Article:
The 2007 annual meeting of the American Academy of Ophthalmology will be held Nov. 10 to 13 in New Orleans. Numerous opportunities to interact with colleagues will be offered, and spouses and other guests will be able to participate in several events designed to give them a taste of the city. In an effort to help rebuild New Orleans after Hurricane Katrina, the meeting will be preceded by a home-building event, EyeBuild, in conjunction with Habitat for Humanity.
The American Academy of Ophthalmology (AAO) will return Nov. 10 to 13 to one of its favorite cities, New Orleans, a community that is working hard to rebuild its infrastructure and reputation-and welcome back tourists-2 years after the destruction of Hurricane Katrina.
"New Orleans is as safe as any other large city in the country, especially in the convention area," he said. "Tourism is very important, and the city is working hard to protect it. What is seen on the news is what is on the news, but we expect this will be a safe, fun meeting for our members."
The number of registrations from physicians and exhibitors is high, proving that the decision to not relocate the meeting was the correct one, he added. "We took a justifiable risk 2 years ago in deciding to stay, and it was the right thing to do," he said.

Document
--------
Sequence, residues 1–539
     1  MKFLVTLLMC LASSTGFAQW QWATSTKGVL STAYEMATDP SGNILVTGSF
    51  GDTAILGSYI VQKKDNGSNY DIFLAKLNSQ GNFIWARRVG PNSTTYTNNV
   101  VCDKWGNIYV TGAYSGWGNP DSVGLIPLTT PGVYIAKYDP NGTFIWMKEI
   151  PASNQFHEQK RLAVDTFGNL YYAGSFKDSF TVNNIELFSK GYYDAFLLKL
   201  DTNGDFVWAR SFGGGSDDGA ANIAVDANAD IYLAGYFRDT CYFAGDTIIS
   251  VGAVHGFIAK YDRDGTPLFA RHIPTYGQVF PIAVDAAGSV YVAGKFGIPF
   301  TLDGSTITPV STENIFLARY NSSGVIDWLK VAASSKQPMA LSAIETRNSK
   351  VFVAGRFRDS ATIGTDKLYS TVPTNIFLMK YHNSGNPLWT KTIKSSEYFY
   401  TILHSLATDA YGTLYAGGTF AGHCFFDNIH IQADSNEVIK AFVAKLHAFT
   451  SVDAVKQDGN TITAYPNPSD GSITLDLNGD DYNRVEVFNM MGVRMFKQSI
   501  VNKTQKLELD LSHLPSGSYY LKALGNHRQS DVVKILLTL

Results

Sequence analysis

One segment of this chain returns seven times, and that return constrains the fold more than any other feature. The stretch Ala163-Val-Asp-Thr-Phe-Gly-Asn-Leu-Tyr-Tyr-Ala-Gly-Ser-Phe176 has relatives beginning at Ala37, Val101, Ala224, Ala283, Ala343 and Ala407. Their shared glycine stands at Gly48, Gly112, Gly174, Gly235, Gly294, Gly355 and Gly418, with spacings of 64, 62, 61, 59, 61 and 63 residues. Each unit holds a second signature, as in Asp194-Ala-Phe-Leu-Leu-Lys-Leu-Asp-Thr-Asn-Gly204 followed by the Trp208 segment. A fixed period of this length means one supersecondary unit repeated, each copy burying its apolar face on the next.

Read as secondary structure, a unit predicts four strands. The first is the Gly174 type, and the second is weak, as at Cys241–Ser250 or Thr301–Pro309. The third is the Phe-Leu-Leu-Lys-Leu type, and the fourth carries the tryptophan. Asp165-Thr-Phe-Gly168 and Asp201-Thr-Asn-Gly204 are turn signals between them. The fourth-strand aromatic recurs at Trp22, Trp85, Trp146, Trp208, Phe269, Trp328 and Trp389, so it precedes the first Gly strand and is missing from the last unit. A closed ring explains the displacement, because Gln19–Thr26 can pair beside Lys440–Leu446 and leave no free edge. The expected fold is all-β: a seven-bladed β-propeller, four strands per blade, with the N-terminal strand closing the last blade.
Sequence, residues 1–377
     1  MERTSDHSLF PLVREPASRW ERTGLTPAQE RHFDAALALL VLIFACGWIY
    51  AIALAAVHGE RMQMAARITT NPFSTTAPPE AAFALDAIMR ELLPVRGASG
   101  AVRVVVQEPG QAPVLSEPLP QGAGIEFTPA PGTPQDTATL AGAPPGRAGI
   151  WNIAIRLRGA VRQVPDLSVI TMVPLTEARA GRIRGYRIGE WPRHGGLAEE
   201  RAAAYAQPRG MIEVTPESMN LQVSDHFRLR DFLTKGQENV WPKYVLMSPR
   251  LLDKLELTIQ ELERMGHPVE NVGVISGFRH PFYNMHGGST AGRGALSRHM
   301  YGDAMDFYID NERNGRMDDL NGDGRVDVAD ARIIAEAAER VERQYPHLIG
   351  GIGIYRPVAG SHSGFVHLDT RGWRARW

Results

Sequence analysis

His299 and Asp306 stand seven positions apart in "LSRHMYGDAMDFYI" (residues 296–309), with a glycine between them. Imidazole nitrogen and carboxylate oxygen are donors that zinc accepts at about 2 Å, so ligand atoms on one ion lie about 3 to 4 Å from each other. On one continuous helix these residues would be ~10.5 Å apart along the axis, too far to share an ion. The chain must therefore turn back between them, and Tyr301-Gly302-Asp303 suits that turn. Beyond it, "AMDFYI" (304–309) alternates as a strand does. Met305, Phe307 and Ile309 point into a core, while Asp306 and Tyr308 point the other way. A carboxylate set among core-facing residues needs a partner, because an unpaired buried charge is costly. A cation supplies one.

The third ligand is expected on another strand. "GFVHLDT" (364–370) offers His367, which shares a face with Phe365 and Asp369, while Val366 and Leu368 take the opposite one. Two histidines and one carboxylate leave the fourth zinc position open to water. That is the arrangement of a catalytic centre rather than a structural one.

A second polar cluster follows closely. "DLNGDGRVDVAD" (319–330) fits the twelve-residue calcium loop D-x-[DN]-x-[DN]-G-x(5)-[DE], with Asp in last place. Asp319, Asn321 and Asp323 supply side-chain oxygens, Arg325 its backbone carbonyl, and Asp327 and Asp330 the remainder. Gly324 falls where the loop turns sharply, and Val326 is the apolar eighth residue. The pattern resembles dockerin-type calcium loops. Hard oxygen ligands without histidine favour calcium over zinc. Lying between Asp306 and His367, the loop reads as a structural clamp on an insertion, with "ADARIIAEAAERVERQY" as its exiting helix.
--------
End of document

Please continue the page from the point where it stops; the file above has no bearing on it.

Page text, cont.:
In a letter sent to AAO members in April, Dr. Hoskins stated that "the city's core is functioning well and in some ways better than ever." The letter included the following information:
As part of the AAO's commitment to help with the rebuilding of one of the few American cities with convention facilities large enough to accommodate its annual meeting, the organization is sponsoring a home-building event, EyeBuild, with Habitat for Humanity on the Wednesday, Thursday, and Friday before the meeting convenes.
The event is open to all meeting attendees and exhibitors. No special skills are necessary, and volunteers with physical limitations are welcomed. On-site training will be provided. The cost is $25 per day; lunch, an EyeBuild T-shirt, and shuttle transportation will be provided. Registration ahead of time is required. More details are available at http://www.aao.org/.
The opening session will be Sunday, Nov. 11, from 8:30 to 10 a.m. Keynote speaker Judah Folkman, MD, will talk about antiangiogenic ocular therapy.
His hypothesis in 1971 that all tumor growth is angiogenesis-dependent opened a field of investigation pursued by scientists worldwide. Dr. Folkman's laboratory discovered the first angiogenesis inhibitors and initiated clinical trials of antiangiogenic therapy. Today, angiogenesis inhibitors have received FDA approval for treatment of cancer and macular degeneration.